How the truth, cancer and kids brought me to my knees
I can put up with the medical aspects of cancer treatment: the pinch from needles to draw blood or infuse drugs into me, the noisy MRI and other scans for which I must stay perfectly still for long periods. I can deal with the outsized bills and confusing insurance statements for the many tests and treatments. And I can put up with the pitying looks people give me when I tell them I have cancer. What got me was having to tell my children — Alex, whoâs 14, and Stella, just 11 — that I have a particularly dangerous form of cancer. It was by far the hardest thing Iâve ever had to do.
I canât imagine having to worry about a parent at their age. When I was a teen, my prevailing thought about my mom and dad was that they were annoying.
Some people advised me not to tell my children anything about my diagnosis. I realize that there are different approaches, and whatâs right for one person may not be right for another. But I knew from the start I needed to tell them, and my husband agreed. We waited until my diagnosis was confirmed and knew my course of treatment.
WeÂ sat around the kitchen table after dinner on thatÂ chilly March night. There had been some starts and stops. I hesitated again and finally uttered the words, âI have cancer.â The second I said âcancer,â Stella became hysterical, inconsolable. It was crushing for her, and for us.
I told them everything, except that the cancer had spread to my brain. At the time, I thought it would be too frightening and figured Iâd tell them about that later.
After two months, I let them know about the lesions found in my brain, when I could also say that those tumors were successfully treated using radiation. I tried to explain what radiation does.
My daughter focused on her own relief.Â âIâm so glad youâre getting better!âÂ
My sonâs reaction was tougher and made me question how I had approached telling them the whole truth.
âWhy wasnât I informed of this earlier?â Alex asked, his eyes steely and cold. I explained that I was afraid it was too much information to absorb when I first told them, and that I decided to wait until the cancer in my brain was successfully eradicated.
This explanation did not satisfy him. âHow do I know I can trust anything you tell me?â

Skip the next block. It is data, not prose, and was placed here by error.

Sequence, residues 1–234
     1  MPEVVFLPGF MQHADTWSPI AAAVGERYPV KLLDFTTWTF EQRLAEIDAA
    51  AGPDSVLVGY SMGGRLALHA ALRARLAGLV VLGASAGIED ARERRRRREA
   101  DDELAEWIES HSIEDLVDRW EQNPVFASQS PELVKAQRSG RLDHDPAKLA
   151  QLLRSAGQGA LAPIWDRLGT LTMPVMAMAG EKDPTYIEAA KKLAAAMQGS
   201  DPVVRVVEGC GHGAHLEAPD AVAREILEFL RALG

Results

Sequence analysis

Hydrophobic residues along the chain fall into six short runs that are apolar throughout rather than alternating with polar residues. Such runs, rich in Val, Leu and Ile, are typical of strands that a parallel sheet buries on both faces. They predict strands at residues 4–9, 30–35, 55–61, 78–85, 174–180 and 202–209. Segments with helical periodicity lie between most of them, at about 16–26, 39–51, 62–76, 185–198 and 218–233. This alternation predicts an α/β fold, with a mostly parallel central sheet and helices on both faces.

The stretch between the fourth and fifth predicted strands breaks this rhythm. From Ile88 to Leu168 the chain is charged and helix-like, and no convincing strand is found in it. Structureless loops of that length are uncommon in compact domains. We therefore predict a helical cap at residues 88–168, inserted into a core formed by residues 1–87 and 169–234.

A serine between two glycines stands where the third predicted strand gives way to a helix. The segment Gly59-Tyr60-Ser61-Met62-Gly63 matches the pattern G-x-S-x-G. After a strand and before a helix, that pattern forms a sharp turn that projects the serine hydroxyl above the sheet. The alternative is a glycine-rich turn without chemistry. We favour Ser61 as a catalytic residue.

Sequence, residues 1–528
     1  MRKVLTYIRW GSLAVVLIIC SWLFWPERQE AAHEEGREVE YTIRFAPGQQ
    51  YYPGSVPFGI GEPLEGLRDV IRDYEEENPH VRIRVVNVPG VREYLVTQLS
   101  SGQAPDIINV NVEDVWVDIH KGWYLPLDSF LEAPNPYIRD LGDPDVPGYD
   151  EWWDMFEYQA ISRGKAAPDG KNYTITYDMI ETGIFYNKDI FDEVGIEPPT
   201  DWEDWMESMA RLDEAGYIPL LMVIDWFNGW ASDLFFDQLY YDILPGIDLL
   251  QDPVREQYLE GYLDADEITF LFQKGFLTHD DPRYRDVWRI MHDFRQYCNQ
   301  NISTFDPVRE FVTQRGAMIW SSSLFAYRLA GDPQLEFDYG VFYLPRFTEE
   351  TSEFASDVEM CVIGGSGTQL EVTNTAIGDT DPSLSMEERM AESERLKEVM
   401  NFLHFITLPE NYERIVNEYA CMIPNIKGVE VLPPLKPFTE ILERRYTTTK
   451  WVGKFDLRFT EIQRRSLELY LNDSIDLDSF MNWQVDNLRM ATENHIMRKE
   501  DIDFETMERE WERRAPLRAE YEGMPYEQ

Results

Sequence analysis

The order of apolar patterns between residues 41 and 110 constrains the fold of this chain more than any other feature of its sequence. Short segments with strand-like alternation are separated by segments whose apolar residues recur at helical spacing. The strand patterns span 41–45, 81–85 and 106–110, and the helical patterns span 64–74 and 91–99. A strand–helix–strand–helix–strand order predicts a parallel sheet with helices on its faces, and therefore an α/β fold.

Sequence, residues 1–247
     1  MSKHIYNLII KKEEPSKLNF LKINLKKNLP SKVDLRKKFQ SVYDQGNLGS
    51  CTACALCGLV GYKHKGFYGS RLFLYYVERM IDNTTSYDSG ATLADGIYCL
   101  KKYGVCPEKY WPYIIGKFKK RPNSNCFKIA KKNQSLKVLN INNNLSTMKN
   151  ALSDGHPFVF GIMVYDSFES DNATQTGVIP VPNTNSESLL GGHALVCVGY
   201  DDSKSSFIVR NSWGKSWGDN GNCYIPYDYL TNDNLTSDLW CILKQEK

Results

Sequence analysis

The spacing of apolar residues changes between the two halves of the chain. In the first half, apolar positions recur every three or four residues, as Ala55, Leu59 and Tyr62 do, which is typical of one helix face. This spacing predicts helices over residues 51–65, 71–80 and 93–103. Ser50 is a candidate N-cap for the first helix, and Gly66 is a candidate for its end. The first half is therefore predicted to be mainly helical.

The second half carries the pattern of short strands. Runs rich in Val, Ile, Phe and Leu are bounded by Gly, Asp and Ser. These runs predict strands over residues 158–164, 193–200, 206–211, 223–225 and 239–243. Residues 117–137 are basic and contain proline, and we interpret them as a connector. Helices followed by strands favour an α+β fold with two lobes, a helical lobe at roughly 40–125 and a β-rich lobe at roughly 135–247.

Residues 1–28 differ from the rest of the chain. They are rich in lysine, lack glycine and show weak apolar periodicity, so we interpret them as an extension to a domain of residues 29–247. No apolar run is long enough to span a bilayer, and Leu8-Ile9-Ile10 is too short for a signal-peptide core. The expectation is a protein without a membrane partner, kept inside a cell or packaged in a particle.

It was a question for which I had no answer. Yet if I had to do it again, Iâm not sure Iâd do it differently.Â
Social workers and child psychologistsÂ encourage honesty, reasoning that children at any age will sense something is wrong. If children are not told the truth, they may imagine something much worse. They say itâs best to share information early as a way of building trust. They advise a calm and reassuring tone, and I think I succeeded on that score. They say itâs fine to cry, but I didnât. They say to make sure the children understand that cancer is not contagious, and I made that clear.
Experts also advise making sure children know what to expect, so I described my treatment. I told them about some of the possible side effects.
My daughter asked flatly whether I was going to die. I said I would try as hard as I could to stick around as long as possible. She seemed reassured.
Lately, I worry whether Iâve been too reassuring. My treatment is going well, but my cancer is unlikely to be cured. At best, it will be managed. What if my health takes a turn for the worse? Will all this positivity render them unable to cope?
I asked Katy Hewson, a social worker at MD Anderson, where I am being treated.
âYou are relaying to your children the information your doctors gave you. You could tell them that thereâs always the possibility that youâll die, but that youâre focusing on getting better,â Hewson said.
Children ask a lot of questions, I said.
âWhat theyâre really asking is, âwhatâs going to happen to me?ââ she said.Â âYou have to reassure them, but thereâs always that element of uncertainty.â
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